Attractive walls, paths and heavy brush (for example greenbrier and other thorny plants that are very difficult to negotiate through with any speed) are very easy ways to direct foot traffic to the locations you want it in. At the same time, give yourself vantage points over all potential cover, as well as placing or at least having locations for future strategic light structures (yes, they can be shot out, but if they can be operated remotely, offer a good spotlight situation when you are ready to shoot the target once lit and have at least several seconds to do so while also ruining their night vision temporarily), motion detectors, trip wires (flares, noise makers, booby traps, etc.).
So what kind of cover do you need for yourself from inside your home? In part 2 of this article I will talk about ways to fortify (and defend) your home – both in ways that are not apparent to the casual observer and will give you the advantage during an armed break-in, as well as full fortification in a SHTF scenario – but for the SHTF scenario you can much more easily convert a crawl space, basement or other type of ground-level shelter under your house (e.g. pier and beam construction) that will allow you to create very effective defensive positions. Think “foxhole” fighting positions whenever possible, as this makes you a much more difficult target giving you a huge defensive advantage over any approaching attackers if you have cleared your fields of fire.
Fighting At Night
If you are not prepared to fight at night or in low-light environments, you are not prepared to fight at all. There are many considerations in regard to preparing and training for low-light conditions that include the most basic and primitive (flares, tritium/night sights, tracer rounds) up to the solutions that require power in order to work (IR lighting and night vision devices, flashlights, spotlights). IR and night vision is great, but make sure that you have the ability to sustain your power sources for the long run if you are truly interested in prepping wisely. In a complete collapse, batteries and sustainability of power will start to be at a premium in the first few weeks if not days. Target identification when fighting at night is one of the first and most important issues to deal with. Friendly fire is a very real probability in any night engagement involving teamwork. Another issue is keeping track of your equipment, loading magazines, dealing with being hit (both from the standpoint of first aid as well as loading and firing with an injured limb), dealing with equipment malfunctions, remembering where you keep gear, ammo, first aid, tools, etc. , team communication and signals and more. These are all things that can be practiced in the dark in your own home or back yard at night without having to use ammo. In fact, I highly recommend you get the basics of movement, gear and weapon management and weapon handling to a place that you feel very comfortable with before you even load a single round in your weapon and start practicing live fire. As a part of this type of preparation, there are some great resources out there to read, watch and learn from.
Part 2: Inside your Home
In part two of this article, I will cover two primary topics: 1) Field-expedient methods of reinforcing your home in order to make it more defensible and 2) Tactics inside your home if attackers make it that far.
SHTF Home Defense: Part 2 – Defending the Home
Dennis and Jake looked at each other from across what used to be a living room. “If they saw us come into this house, I’m guessing we have about 10 minutes tops before they come through one of these doors,” Dennis said. A little over a week into their bugout, they had left the rest of their group and families in a much safer location outside of this small town, and had come in as a team of two to scout out supplies, and bring back what they could. Despite their best attempts, someone had seen them come into town and had fired a shot, missing both of them by several feet, but forcing them into the best cover they could find: A small, ranch style home at the end of a small cul-de-sac. They both wanted to get out of town, but their exits were blocked by a small gang that looked to have taken up residence in this town. Their best bet was to hole up in an abandoned home and wait for nightfall.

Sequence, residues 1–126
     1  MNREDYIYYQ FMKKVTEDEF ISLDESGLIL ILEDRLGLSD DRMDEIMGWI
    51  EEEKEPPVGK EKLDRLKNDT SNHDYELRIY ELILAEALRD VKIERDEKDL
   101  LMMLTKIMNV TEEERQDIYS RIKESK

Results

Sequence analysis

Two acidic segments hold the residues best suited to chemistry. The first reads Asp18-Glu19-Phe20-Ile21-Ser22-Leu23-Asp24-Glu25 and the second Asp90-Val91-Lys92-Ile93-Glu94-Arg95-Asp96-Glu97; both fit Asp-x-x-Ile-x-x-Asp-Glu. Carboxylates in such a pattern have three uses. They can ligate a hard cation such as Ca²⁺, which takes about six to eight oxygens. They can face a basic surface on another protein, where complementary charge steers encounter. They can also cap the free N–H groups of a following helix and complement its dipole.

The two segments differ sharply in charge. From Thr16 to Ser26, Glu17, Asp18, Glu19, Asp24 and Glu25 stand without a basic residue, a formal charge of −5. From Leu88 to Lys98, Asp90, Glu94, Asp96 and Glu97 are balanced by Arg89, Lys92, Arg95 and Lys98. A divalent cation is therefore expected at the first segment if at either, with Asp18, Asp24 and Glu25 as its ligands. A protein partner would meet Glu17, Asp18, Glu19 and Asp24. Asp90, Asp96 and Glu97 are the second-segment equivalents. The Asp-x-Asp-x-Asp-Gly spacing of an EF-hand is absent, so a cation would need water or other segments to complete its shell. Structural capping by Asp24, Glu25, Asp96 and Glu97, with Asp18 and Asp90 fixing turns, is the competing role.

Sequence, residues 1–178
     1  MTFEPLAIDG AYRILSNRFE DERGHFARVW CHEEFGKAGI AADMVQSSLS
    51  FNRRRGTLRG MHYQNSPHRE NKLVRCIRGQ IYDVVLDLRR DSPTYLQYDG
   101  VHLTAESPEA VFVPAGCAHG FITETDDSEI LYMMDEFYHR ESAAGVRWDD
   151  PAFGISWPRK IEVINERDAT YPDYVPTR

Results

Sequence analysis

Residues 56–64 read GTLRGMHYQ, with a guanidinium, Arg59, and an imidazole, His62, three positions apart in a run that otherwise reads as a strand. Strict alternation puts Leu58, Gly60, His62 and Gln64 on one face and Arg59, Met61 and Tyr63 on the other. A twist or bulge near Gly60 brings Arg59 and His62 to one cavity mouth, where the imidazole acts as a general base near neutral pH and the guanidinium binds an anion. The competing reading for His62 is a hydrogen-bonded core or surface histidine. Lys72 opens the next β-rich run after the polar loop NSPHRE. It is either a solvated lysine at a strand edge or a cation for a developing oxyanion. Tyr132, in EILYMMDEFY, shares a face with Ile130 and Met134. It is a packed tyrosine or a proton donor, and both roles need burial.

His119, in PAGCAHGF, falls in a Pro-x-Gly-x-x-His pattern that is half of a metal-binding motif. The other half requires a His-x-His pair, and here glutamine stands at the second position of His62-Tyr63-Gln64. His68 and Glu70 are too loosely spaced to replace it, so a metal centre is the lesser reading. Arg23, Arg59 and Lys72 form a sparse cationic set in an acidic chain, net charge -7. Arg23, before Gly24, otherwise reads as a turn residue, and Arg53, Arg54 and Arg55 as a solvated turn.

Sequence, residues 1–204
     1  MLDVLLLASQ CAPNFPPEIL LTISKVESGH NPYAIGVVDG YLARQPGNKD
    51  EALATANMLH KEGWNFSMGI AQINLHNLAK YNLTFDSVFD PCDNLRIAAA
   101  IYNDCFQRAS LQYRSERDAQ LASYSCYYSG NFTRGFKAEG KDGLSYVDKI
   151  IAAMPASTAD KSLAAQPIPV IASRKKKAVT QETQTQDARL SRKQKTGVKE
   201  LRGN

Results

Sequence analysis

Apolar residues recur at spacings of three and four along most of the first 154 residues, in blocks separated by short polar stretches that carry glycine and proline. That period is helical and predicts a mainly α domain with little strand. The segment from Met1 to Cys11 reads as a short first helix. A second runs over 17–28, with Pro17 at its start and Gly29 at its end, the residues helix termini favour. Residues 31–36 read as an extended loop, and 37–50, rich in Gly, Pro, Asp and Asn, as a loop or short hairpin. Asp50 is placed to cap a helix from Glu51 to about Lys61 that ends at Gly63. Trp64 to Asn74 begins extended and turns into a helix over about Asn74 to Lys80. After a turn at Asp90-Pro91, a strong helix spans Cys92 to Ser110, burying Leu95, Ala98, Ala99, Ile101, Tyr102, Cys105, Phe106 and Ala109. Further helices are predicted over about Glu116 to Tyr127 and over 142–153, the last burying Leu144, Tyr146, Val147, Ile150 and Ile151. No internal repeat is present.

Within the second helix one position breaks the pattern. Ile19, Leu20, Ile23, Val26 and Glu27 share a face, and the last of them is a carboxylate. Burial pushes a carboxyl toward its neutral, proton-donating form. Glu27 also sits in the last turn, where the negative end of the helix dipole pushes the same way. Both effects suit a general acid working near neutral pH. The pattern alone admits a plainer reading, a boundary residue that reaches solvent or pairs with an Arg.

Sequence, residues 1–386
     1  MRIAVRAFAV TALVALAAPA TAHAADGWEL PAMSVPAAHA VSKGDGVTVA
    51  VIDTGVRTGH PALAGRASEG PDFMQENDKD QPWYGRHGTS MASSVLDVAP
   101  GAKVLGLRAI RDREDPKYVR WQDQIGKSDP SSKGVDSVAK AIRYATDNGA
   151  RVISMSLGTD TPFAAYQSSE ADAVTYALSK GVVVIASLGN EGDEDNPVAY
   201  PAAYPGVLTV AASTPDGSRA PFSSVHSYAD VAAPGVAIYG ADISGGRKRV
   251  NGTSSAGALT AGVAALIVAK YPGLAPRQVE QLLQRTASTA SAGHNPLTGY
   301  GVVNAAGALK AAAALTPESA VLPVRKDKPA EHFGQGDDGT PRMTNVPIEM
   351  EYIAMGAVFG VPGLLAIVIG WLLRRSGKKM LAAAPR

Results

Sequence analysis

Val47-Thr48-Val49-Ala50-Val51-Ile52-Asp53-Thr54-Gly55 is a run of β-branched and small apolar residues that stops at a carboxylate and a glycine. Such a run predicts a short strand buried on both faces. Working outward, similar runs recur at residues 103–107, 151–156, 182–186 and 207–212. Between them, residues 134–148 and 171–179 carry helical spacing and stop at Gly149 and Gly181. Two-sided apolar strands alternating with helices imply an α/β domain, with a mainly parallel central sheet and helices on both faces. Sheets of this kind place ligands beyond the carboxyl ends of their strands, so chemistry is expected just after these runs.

None of the houses on the block were inhabited – and for that matter none of the houses in the town had appeared to be occupied, which made Dennis wonder where this gang actually resided. They hopped the fence first as though they were heading into the yard behind this house. Once they saw the back yard was fairly secluded from vegetation, they circled around and came in the back door of the house as quietly as possible. A quick security check revealed the house was void of everything except furniture. An 4 attached, half-finished garage contained some building supplies and tools that apparently had not been scavenged by anyone yet.
Dennis and Jake set to work while both keeping a watchful eye and ear on the street in front and the back yard…
Inside the Home
In part 1 of this series we covered some of the important points in defending the perimeter around a house. In part 2 we will discuss a couple of very important points relating to home defense from inside of your home – both while attackers are outside as well as once they have gained entry into your home. One of those concepts is very similar to the perimeter around the home (which we talked about in part 1):
Namely directing the flow of traffic in a manner that creates targets out of our attackers without allowing them the chance to shoot at us first. Secondly – and as an overlapping part of this first concept – we want to fortify our house on the inside in ways that allow us to identify and shoot attackers before they make it into the house (ideally) or force them to slow down and take certain routes in if they do get that far.